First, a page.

Monday, March 10, 2014

Mauna Kea 13,796', Kona, HI

I couldn't come to Hawaii without ascending the state's highest peak. I knew it would be a long trip, but after a week of running on Maui, plus a few training runs on Kona, I felt in decent shape. It is interesting reading all the hiking guidebooks on this route which recommend about 10 hours for the roundtrip. I understand why they emphasize the dangers of altitude sickness and how cold and wet it can be in the winter months. But I have to remind myself that they are writing for the "high heel" brigade who likely never hike seriously. With a road right up to the summit this accessibility can lead to the assumption that this is just a stroll with minimal risk. But risk is relative and although I found this to be a very safe, unrisky route, my experience and perspective is hardly common.
Sunrise on the initial slopes of Mauna Kea

It was still dark at the Visitor Center when I arrived. There was one car in the parking lot and no-one around. Someone got an early start and I would doubtless catch them on the trail. It was cold and windy as I laced my shoes. I put on my windproof jacket over my teeshirt and this helped considerably. I packed a liter of water on my running sack plus a few provisions and a hat and gloves and started jogging up the initial section of trail. Very similar to Haleakala on Maui, the trail was very sandy. With the cloud cover I was treated to a beautiful sunrise.
Looking up the trail to the summit - about 4 miles and 3,500' away

With improving light I was able to make quicker progress, but the initial two miles of the Humu'ula Trail are very steep and gain altitude quickly. I was warm and blowing hard and was grateful for the stiff breeze. There was no sun because of high level cloud cover but I could see how this would be an ordeal in the heat of the day, particularly during summer.
Spectacular view back to Mauna Loa

At one point I stopped to check the map and gauge my progress. Looking up into the distance I traced the line of the trail and picked out 4 hikers about a mile ahead of me - 20 minutes at my pace. It would probably take me another 40 minutes to reach them. It was daylight and the view to Mauna Loa was spectacular. Unfortunately the cloud cover prevented sight of the coast line 30 miles away.
The trail curves to the right to connect with the access road and then another mile up to the summit (out of view to the right)

With targets in sight I kept up a steady, slightly elevated pace. I caught the hikers in 22 minutes as they sat taking a break. They were Norweigans in their late twenties and didn't look in very good shape. They has set off at 4am - 2 hours earlier than me - and remarked on how quickly I had ascended. I gave them some of my water and advised them to turn back. If they were struggling at this altitude they would be in more serious trouble higher up and they had another 3,000' and 3 miles to ascend. I left them pondering their decision. After another mile I looked back and could see them trying to ascend a little higher - not the best decision.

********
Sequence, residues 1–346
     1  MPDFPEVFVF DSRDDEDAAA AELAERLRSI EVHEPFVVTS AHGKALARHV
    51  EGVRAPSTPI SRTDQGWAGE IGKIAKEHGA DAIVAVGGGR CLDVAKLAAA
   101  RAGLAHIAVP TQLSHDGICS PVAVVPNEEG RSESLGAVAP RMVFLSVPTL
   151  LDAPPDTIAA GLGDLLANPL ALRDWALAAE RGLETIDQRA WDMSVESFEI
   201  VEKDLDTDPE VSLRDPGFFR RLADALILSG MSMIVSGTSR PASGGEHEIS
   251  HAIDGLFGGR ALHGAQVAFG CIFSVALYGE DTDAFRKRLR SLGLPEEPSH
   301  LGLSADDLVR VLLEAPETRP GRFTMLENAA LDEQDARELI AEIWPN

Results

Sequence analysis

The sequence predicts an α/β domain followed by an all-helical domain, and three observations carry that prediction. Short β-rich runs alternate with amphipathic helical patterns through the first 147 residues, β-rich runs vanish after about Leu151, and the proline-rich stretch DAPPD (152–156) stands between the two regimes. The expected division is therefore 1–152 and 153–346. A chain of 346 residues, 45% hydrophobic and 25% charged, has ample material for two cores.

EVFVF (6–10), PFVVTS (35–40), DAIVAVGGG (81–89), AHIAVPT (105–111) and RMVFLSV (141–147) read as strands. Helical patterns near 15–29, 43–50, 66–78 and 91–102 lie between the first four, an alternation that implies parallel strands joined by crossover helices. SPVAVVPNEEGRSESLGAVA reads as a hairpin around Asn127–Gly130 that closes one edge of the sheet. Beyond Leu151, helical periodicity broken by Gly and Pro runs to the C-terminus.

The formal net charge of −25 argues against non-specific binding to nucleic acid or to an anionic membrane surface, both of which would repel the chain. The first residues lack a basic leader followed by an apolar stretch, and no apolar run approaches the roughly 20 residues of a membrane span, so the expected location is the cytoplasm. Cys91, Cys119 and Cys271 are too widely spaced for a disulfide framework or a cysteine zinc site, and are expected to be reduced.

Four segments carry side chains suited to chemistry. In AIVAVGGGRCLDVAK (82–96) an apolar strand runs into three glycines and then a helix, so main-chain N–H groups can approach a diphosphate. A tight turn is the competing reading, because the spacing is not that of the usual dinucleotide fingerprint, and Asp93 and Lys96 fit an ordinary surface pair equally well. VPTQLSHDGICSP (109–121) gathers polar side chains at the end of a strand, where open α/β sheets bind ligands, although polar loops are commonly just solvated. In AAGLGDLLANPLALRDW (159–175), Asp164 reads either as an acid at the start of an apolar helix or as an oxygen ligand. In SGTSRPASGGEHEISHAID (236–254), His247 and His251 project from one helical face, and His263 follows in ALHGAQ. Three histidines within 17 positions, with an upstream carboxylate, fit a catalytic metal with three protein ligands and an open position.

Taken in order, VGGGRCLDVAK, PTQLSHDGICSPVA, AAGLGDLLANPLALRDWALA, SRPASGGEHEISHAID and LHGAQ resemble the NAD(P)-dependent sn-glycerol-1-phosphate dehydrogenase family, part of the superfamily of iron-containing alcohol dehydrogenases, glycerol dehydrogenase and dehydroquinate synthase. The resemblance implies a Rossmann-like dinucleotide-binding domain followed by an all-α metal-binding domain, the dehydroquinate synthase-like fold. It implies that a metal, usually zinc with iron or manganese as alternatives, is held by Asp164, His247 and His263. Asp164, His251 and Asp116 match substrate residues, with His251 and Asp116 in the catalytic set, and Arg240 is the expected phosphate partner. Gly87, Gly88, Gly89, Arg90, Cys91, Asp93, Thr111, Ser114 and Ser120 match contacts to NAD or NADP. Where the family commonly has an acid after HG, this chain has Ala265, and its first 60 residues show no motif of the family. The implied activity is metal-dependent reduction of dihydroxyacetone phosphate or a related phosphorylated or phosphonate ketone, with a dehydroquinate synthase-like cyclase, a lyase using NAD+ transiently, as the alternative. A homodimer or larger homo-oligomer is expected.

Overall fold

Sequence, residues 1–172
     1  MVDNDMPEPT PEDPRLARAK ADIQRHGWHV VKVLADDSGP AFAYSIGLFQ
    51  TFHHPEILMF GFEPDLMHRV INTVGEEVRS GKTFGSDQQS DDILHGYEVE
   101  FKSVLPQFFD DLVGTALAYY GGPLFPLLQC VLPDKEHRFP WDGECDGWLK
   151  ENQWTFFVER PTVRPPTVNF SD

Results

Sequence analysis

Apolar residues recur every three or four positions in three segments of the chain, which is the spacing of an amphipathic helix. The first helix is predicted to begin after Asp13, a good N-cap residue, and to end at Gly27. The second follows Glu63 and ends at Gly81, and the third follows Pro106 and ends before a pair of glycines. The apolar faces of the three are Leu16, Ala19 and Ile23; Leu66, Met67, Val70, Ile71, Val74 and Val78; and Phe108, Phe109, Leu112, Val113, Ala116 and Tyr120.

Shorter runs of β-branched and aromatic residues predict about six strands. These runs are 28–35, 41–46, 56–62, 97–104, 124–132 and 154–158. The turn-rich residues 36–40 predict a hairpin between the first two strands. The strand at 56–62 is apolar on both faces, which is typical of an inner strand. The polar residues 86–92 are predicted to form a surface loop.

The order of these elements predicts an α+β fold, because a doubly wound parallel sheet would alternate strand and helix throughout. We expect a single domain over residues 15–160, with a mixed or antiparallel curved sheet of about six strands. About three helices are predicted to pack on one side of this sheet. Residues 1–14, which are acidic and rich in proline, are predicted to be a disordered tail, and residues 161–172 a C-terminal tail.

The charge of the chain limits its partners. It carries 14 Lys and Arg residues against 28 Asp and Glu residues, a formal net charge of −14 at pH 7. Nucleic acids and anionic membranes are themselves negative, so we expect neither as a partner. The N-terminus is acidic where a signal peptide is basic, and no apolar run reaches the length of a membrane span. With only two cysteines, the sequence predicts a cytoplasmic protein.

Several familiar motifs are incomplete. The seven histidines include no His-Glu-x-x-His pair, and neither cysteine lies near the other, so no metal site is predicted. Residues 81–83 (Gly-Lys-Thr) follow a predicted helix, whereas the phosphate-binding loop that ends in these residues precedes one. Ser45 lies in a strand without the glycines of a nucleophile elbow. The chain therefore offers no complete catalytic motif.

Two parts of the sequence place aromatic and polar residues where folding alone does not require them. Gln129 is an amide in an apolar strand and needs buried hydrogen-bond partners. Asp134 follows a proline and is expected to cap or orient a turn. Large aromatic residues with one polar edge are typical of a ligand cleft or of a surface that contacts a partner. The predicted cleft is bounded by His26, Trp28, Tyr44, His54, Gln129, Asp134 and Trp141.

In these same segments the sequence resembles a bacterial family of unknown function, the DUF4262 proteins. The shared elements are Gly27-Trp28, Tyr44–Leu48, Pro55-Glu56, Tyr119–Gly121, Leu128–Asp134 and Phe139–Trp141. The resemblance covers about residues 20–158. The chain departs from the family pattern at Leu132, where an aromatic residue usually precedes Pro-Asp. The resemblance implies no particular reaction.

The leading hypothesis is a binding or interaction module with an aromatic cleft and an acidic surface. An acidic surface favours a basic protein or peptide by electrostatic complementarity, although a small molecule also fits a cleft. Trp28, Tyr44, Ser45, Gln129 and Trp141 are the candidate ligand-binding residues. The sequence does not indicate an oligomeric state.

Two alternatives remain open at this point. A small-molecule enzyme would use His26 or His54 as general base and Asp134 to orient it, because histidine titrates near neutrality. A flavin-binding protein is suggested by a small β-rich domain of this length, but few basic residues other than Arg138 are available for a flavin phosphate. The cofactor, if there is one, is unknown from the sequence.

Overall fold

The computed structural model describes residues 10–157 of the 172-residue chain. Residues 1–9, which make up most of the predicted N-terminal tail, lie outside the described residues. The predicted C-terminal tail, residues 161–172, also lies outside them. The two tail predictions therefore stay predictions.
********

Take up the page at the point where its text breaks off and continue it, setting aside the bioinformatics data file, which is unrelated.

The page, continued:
Puu Hau Kea - a volcanic satellite summit with my ascent trail visible on the right

Final 150' to the summit - cold and windy
Summit of Mauna Kea with Mauna Loa in the background
The many observatories from the summit
The upper 4 miles to the summit is a little more forgiving and I was able to keep a good pace. It was getting colder with altitude and I could see the snow line up ahead. The Humu'ula Trail connects with the summit road a mile below the summit and the final stretch to the road was frozen ground. The crunching of ice under my feet was welcome in comparison to the sand and when I reached the road I was passed by a steady stream of observatory workers driving to the summit facilities. I felt really good. I knew my ascent of the trail had been pretty quick, but it was only after I uploaded my data to Strava that I found I had broken the ascent record by 12 minutes. Not bad for an old guy.
A detour on the descent to Lake Waiau - the highest natural lake in Hawaii

Once on the road I jogged steadily up the final mile to the summit. A couple stopped their car on the way up and asked if I was OK and needed a ride. It was a nice thought and made me wonder what kind of state I was in. But I felt really good, thanked them, and set off up the final stretch. The Park Ranger was driving down as I crested the last steep section of road and he stopped for a chat. He remarked how quickly I must have run given the time. He had seen me leave the Visitor Center from his cabin next door and hadn't expected me at the summit for at least another hour.
Much warmer on the descent. View of Mauna Loa a mile above the Visitor Center

The summit is a barren place, but beautiful nontheless. Leaving the access road the final section of trail descends to a col and then climbs about 150' up to the summit proper. The snow and ice on this section posed no problem and although it was cold on the summit I took a few pictures, had a drink and then set off on the long descent.

I took a detour to Lake Waiau, the highest natural lake in Hawaii on the way down. This lake is fed by melting permafrost. There wasn't a lot of water because there is less melting in winter, but it was an eerie place with no vegetation at this altitude.

I made quick time on the descent and I made the whole trip 90 minutes quicker than I expected. I did not pass the Norwegians - they either walked across to the access road and hitched a ride, or returned down the trail. Sensible choice. But this was a great run and recommend it to anyone used to higher altitude running.

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